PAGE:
I guessed the images to be current, and a subsequent cursory glance at the photographer’s bio said as much. So the images are not historical, they just reference that impossible era. Showers, even. But the nudes returned, and the power of the random single image resonated as well: a tranny penis, an elephant, an egret? I liked the embedded photo-homage as well: a sign saying Franks on one page, a big American flag on the opposite spread. Together, it’s a winding narrative with many references, but the end result is unique.

I’ve always thought it was easy to make creepy work. Either way, this book is definitely meant to disturb. It speaks of ghosts and visions, memories of the dead and the lost. Yet it has an undeniable beauty to it, like Anne Frank’s Diary. Why do people continue to read that book, when the ending is foretold? Because they enjoy the ride, I suppose.
Bottom Line: Haunted, in the best possible way

To purchase Half Life visit Photo-Eye.

The partner publication, in name only, “The Half-Life of History,” is more straight-forward, and in large part, color. Which surprised me, as all of the past work I’ve seen from Mr. Klett has been some shade of gray or sepia. Beautiful Saguaros that finally made sense the last time I set foot in Tucson. The new book, offered by Radius, is subtitled “The Atomic Bomb and Wendover Air Base,” whence the Enola Gay originated. Boom. Back to World War II, again, like it or not.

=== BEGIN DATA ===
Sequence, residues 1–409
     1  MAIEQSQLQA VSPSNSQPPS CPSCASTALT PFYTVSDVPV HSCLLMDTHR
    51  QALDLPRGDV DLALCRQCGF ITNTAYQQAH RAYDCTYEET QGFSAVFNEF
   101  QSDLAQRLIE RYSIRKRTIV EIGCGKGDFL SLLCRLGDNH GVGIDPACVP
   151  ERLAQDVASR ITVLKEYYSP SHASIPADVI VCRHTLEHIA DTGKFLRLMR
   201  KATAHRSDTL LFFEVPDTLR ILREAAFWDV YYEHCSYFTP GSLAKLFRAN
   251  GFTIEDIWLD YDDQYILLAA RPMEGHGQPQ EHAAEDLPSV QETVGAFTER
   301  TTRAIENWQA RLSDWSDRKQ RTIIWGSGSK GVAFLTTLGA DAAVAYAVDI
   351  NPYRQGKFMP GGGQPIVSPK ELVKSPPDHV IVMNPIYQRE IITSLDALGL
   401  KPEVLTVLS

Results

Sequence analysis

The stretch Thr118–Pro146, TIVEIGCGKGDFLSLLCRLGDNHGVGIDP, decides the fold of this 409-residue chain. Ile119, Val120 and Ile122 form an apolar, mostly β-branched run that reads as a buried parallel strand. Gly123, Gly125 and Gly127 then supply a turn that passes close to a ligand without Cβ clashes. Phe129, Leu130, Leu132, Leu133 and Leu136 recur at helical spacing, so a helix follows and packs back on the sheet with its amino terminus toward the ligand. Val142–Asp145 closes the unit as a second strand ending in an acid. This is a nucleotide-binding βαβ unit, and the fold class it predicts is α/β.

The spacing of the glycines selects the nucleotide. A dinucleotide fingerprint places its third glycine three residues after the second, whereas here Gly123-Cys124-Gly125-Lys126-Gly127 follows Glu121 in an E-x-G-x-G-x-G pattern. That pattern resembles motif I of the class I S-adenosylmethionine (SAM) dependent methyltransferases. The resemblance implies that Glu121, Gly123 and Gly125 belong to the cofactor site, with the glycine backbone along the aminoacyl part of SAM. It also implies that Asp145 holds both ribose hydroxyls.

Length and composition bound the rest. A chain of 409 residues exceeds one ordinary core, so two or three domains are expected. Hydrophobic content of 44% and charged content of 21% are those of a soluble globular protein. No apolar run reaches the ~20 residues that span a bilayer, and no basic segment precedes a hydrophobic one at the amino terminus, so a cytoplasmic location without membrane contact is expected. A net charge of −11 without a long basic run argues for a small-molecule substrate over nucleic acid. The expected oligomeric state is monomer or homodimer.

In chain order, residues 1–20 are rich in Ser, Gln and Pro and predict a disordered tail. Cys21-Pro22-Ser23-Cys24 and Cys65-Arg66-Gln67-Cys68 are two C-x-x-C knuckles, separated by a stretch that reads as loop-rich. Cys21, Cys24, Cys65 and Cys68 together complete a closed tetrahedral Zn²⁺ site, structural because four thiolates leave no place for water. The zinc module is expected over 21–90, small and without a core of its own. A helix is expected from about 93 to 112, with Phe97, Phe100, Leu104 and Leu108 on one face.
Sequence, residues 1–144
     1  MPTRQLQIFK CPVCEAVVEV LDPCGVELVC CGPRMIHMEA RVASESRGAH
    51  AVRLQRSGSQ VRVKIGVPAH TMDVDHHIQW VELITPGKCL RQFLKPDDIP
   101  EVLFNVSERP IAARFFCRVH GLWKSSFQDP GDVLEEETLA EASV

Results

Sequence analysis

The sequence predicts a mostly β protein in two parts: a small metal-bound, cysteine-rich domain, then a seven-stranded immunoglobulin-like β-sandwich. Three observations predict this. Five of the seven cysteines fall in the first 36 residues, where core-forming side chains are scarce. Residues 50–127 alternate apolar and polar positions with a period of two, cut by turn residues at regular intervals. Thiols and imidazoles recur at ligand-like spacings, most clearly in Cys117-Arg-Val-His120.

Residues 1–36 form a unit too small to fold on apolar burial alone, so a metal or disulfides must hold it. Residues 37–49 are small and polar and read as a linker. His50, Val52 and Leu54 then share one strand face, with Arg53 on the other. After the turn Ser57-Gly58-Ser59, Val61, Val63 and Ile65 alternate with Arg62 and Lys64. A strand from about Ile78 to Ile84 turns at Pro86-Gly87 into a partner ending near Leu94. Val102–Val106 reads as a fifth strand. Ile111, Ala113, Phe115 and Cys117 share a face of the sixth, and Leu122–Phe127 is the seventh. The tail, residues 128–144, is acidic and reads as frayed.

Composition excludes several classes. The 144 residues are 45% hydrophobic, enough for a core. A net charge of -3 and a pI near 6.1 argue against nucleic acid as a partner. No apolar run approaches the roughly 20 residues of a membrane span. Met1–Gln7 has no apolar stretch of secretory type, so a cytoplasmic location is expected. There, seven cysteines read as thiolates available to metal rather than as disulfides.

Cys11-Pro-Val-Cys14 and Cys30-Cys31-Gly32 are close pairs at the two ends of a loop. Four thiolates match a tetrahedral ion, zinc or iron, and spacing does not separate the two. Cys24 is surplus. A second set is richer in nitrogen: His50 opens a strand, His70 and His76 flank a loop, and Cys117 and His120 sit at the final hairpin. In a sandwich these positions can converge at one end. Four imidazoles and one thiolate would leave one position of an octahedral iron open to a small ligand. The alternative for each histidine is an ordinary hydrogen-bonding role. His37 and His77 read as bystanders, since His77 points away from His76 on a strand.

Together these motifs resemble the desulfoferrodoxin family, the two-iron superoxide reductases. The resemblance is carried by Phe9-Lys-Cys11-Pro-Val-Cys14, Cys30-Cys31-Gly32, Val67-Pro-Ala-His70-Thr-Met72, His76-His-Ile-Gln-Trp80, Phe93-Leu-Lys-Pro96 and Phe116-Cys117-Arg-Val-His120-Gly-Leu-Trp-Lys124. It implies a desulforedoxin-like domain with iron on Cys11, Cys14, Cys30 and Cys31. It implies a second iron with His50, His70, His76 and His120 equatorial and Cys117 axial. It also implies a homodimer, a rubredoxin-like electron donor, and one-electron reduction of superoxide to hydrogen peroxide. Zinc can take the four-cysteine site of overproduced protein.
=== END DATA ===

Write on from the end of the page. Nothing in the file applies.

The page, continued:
The style varies, from tightly-composed images of abandoned barracks, to sweeping vistas, and a four-page spread inside a airplane hanger. 50 caliber bullets are handled sculpturally, history is depicted gingerly, and a short trip to Hiroshima is made towards the end. The essay is by William L. Fox, a very bright scholar whom I heard lecture in Reno recently. I haven’t read it yet, but will speculate that he did a good job. (Lazy journalism, right there. For sure.)